On May 25, 2020, protests erupted in the United States of America after a video went viral where it was seen that a white police officer pressed his knees to the neck of an unarmed black man, George Floyd, lying on the ground, forcing his face on the pavement until he was unresponsive. During the ordeal he cried, “I can’t breathe”. ‘I can’t breathe’ became the chant during protests in the USA and around the world, including St. Vincent and the Grenadines.
On July 17, 2014, Eric Garner died in New York after a police officer put him in a prohibited chokehold while arresting him. A chokehold is when someone places an arm around the neck which restricts breathing, and puts pressure on the sides of the neck to slow the blood flowing through two large arteries to render the person unconscious.
In the United States of America, there are two neck restraints that police-reform activists say should be prohibited: the chokehold, which restricts breathing, and the carotid hold, which limits blood flow to the brain. The use of either can render a person unconscious and can be lethal. The questions is, do the police authorize the use of the chokehold in St. Vincent and the Grenadines?
During the protest in Kingstown on Thursday, 9th September, 2021, we had a similar situation to that of Mr. Garner. We saw, Mr. Carly John, husband of opposition Senator, Shevorn John, placed in a chokehold by a police officer. From videos that were shown on social media, we saw that Mr. John was in distress. We believe he was crying, “I can’t breathe.” Undoubtedly, Mr. John had difficulties breathing, at one point he had to push his hands into his mouth in an attempt to clear the air passage. (Look at the video carefully). He was later arrested and charged; we await the outcome.
Most people were appalled when they saw what had happened to Mr. John, an opposition senator’s husband, but that has been the modus operandi of the Unity Labour Party (ULP) regime. For twenty (20) years, the ULP regime has wrapped its tentacles around the necks of Vincentians. Most Vincentians continue to live in fear of political victimization, a weapon used by the ULP regime against persons who are perceived to be their opponents. Recently, most citizens have become concerned about their constitutional rights and freedoms based on the actions of the authority. We think about: Adriana King, Kenson King, Colin Graham, Tyrone James, Joseph Da Silva, John Mofford, Rohan Simmons and Robert ‘Patches’ Knights.
Moreover, the ill-advised policies of the ULP regime and the mismanagement of the country’s economy have created severe hardship for Vincentians thus, creating an environment which makes it extremely difficult for them to survive. They are having difficulties sending their children to school, they can’t pay their bills, most of the homes are without internet, cost of living has skyrocketed, unemployment is rampant and exorbitant registration school fees stands for the new academic year.
The unemployment rate in St. Vincent and the Grenadines stands at 25 percent according to the IMF. That was before the COVD-19 pandemic and the eruption of La Soufriere. This is worse than it was in 2001, when the ULP came to power. At that time, it stood at 20.9 percent. Today, the youth 15-24 years, unemployment rate is estimated to be a staggering 46 percent. We recall during the 2001 general elections campaign, the ULP promised the youth that they would have provided thousands of jobs, quality jobs; they are still waiting for those jobs. They are at home frustrated.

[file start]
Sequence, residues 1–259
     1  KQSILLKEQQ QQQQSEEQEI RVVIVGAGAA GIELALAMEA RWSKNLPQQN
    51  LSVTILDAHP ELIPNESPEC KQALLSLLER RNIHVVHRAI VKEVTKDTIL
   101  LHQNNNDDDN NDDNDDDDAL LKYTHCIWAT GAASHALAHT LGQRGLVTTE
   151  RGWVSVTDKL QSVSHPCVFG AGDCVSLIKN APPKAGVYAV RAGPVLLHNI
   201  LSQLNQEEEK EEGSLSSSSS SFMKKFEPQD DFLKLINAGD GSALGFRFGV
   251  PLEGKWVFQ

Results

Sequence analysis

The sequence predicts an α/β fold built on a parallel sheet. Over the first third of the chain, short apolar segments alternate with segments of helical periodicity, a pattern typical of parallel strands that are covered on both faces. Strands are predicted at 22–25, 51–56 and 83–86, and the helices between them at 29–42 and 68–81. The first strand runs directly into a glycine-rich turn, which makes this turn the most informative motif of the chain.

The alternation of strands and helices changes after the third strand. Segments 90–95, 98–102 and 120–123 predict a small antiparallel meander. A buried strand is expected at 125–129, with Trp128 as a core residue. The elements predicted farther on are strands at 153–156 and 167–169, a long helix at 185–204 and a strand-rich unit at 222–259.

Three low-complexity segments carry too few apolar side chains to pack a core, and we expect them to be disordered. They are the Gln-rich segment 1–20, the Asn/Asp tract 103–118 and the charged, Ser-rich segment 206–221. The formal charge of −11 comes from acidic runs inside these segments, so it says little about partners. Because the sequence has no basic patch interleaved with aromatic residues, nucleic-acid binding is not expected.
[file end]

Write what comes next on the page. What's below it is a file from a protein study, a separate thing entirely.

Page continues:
Further, under the ULP, poverty has increased. Research has shown that poverty is linked with negative conditions such as: substandard housing, homelessness, inadequate nutrition and food insecurity, inadequate child care, lack of access to health care, unsafe neighborhoods, and under-resourced schools which adversely impact our nation’s children. Those conditions can be identified in this country and are severely affecting most Vincentians.
The report for the 2018 poverty assessment has not been released to the public by the government but was made public by Members of the Opposition last year. This generated much public interest and discussion. At that time, members of the government responded that the report was not yet complete.
However, we did get a peep into the report. Last year, Mr. Cummings presented findings to the general public of the Poverty Assessment Report. It painted a damning picture of poverty in St. Vincent and the Grenadines. The report concluded that poverty in St. Vincent and the Grenadines is worse than when the ULP gained power in 2001. It stated that poverty in St. Vincent and the Grenadines had moved from 30.2% of the population in 2008 to 36.1 % in 2018. And the indigence level had moved from 2.9% to 11.3% in the country of 110,000 people. The government denied knowledge of the report and said the poverty study was incomplete.
Agriculture once provided 20 percent of our GDP. Now it struggles to reach 3 percent. For twenty (20) years, the ULP has failed to remove the blacklisting of St. Vincent and the Grenadines from selling fish into the EU. Our balance of trade in agriculture is the worst it has ever been, while many key crops are in decline, many farms that once produced bananas are now covered in bush and are unproductive. There has not been an agricultural census in over 20 years, so the ULP doesn’t even know where our farmers are, what they are growing, how can they help them to improve their yields or even what land is available.
The ULP’s complacency after twenty (20) years in power, stops our fishing industry and agriculture from growing and creating jobs for our people. The New Democratic Party has an effective plan for jobs and growth in the economy of St. Vincent and the Grenadines.